What Is Needed to Close a Mortgage Loan in 15 Days?

Everyone involved in your mortgage transaction will need to move quickly to close the deal in 15 days..

Everyone involved in your mortgage transaction will need to move quickly to close the deal in 15 days..

Lollygagging around a real estate transaction can end up killing the deal. Sometimes when you find that perfect house for the perfect price, you need to strike quickly to get it. If time is of the essence, you need a lender that can close a loan quickly. Much of the responsibility, however, still falls to you. To close a mortgage loan in 15 days, you need to be complete and thorough from the very beginning. Just understand that to turn around a loan that quickly everything must go perfectly. Even then, there is no 100 percent guarantee.


The first step toward a quick mortgage closing is to complete the application completely and accurately. To save time, apply online or in person. If you go to the bank, speak to a mortgage representative and express your desire to close in 15 days. He can’t make promises, but he can give you an estimate on your chances. If you apply online, follow up by phone to make sure your application has been received and is being processed. Again, make sure to emphasize that you need to close in 15 days. Make sure to carefully read all sections of the application and complete the document in its entirety. If the bank has to track you down to ask for information it has already requested, it will delay the process.

Supporting Documentation

The bank needs documentation from you to approve the loan. Make sure to submit all requested documentation at the time of application. The data required will vary by bank, but expect to give copies of two years of W-2 Forms or 1099 Forms to document your income, along with federal tax returns, one month of pay stubs and three months of bank statements. The bank will use this information to verify that you can afford the loan and that you have enough for the down payment in the case of a purchase. Like an incomplete application, if the bank has to chase you for this information, the process will not move as quickly.


Many moving parts are involved with a mortgage closing. This can include the bank, your lawyer, the title company, the seller, the seller’s lawyer and real estate agents. If you want to close the mortgage within 15 days, keep everyone in the loop. You won’t be able to schedule a closing until you get an approval, but everyone should know that once the bank gives you the go, settlement will happen quickly. If you get approved but can’t put all the pieces together, the quick turnaround won’t mean anything. With sufficient notice, the parties can make arrangements to pre-sign documents or send other representatives if one or more can’t attend closing personally.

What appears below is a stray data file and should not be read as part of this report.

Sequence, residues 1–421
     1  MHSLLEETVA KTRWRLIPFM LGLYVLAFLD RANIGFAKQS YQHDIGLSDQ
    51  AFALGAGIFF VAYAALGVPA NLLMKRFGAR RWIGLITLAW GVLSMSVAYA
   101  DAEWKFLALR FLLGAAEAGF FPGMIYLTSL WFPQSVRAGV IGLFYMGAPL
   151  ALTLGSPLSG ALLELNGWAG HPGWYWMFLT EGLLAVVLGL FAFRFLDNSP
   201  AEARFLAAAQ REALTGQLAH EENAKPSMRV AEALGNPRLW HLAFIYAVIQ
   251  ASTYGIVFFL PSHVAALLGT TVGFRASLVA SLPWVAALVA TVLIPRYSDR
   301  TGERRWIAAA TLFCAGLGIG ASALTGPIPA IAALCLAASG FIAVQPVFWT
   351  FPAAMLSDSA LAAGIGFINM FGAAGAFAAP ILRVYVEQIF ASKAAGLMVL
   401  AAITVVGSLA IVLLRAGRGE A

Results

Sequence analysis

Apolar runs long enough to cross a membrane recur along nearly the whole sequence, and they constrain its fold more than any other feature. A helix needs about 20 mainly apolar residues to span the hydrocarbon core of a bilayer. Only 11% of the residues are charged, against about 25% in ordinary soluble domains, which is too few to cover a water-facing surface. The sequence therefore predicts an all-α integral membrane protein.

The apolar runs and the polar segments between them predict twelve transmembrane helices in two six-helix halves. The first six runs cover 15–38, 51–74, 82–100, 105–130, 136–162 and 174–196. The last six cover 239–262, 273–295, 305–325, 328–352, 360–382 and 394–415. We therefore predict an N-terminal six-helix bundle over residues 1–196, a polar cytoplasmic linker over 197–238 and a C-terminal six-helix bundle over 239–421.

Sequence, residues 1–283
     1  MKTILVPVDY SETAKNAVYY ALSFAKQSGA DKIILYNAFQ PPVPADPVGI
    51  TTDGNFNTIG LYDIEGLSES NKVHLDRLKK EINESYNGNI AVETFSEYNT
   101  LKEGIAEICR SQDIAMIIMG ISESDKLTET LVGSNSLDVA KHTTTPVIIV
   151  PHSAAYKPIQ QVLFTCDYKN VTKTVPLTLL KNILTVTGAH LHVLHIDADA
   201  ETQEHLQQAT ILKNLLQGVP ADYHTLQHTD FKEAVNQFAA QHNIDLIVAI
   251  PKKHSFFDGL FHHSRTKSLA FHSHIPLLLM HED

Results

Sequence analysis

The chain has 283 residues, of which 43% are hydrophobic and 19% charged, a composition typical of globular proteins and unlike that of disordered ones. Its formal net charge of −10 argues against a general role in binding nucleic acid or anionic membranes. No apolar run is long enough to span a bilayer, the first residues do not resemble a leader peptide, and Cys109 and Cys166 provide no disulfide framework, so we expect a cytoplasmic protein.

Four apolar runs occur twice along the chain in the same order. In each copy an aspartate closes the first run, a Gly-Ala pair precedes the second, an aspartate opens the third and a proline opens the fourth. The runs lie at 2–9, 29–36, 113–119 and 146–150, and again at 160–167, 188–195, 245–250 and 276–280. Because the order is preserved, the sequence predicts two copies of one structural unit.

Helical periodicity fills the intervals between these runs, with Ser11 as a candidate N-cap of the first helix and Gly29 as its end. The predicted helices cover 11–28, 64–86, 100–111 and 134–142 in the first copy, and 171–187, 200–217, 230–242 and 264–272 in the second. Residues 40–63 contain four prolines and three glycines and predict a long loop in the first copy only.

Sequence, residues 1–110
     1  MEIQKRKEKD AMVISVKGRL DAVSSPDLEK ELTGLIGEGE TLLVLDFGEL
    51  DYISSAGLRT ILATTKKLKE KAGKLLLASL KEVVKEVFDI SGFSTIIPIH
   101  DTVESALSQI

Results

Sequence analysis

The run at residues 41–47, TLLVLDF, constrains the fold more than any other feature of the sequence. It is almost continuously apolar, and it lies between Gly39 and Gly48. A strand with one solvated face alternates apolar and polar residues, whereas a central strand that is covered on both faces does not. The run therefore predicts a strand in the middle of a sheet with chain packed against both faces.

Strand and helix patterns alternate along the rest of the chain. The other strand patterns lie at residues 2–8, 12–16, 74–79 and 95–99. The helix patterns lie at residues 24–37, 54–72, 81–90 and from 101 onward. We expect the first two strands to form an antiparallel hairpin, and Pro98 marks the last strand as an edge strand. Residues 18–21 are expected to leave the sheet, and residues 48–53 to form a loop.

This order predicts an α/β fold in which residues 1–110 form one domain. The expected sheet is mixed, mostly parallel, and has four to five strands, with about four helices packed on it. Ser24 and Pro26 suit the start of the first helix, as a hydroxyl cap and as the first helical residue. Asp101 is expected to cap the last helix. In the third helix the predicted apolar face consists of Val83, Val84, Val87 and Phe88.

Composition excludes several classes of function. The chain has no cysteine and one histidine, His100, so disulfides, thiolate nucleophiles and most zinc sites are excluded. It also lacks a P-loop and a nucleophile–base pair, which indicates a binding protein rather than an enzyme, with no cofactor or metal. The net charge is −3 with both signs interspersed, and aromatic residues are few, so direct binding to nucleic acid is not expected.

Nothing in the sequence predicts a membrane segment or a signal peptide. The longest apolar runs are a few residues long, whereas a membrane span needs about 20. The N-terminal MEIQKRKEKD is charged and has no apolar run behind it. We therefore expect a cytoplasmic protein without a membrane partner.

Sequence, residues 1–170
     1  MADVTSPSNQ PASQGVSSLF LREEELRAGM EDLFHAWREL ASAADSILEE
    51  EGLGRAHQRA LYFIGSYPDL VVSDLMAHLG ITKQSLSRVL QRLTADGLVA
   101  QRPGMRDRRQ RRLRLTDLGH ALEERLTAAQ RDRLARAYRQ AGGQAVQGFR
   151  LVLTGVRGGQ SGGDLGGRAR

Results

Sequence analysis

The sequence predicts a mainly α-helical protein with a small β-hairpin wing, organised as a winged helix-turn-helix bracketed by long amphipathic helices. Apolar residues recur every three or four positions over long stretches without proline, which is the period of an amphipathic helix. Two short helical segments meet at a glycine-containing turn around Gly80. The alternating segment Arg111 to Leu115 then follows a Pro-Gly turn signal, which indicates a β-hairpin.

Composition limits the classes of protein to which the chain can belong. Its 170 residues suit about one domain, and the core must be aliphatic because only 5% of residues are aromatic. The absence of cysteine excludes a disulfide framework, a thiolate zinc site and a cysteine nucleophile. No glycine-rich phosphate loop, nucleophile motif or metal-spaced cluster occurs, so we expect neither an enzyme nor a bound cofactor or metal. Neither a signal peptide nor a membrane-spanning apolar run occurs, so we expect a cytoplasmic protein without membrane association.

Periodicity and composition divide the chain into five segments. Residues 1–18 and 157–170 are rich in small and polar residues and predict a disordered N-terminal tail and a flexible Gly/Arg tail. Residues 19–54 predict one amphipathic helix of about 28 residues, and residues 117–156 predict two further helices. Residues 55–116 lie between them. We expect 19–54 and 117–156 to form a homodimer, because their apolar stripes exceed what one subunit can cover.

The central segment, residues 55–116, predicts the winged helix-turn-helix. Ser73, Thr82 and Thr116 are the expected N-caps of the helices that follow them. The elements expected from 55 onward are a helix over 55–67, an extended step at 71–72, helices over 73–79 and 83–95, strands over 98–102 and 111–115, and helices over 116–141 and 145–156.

If you get the bank everything it needs and manage to coordinate with all parties, you’re on the right track, but there are a few odds and ends to consider. First, make sure you have no blemishes on your credit history. You can request a free report from the three major credit bureaus at the government-sponsored web site, annualcreditreport.com. If you see items that show a balance even though they’ve been closed or if you find questionable entries, such as judgments or liens, contact the credit agency immediately and prepare an explanation for the bank. Make sure all negotiations with the seller have been completed as even the most insignificant squabble can hold up a closing. Sign all disclosures and the commitment letter upon receipt. Make sure you read the commitment thoroughly and understand everything that is required to close the loan. Finally, set your appointment as soon as possible after you’ve been approved so that a scheduling conflict doesn’t ruin everything you’ve worked for.


About the Author

Carl Carabelli has been writing in various capacities for more than 15 years. He has utilized his creative writing skills to enhance his other ventures such as financial analysis, copywriting and contributing various articles and opinion pieces. Carabelli earned a bachelor's degree in communications from Seton Hall and has worked in banking, notably commercial lending, since 2001.

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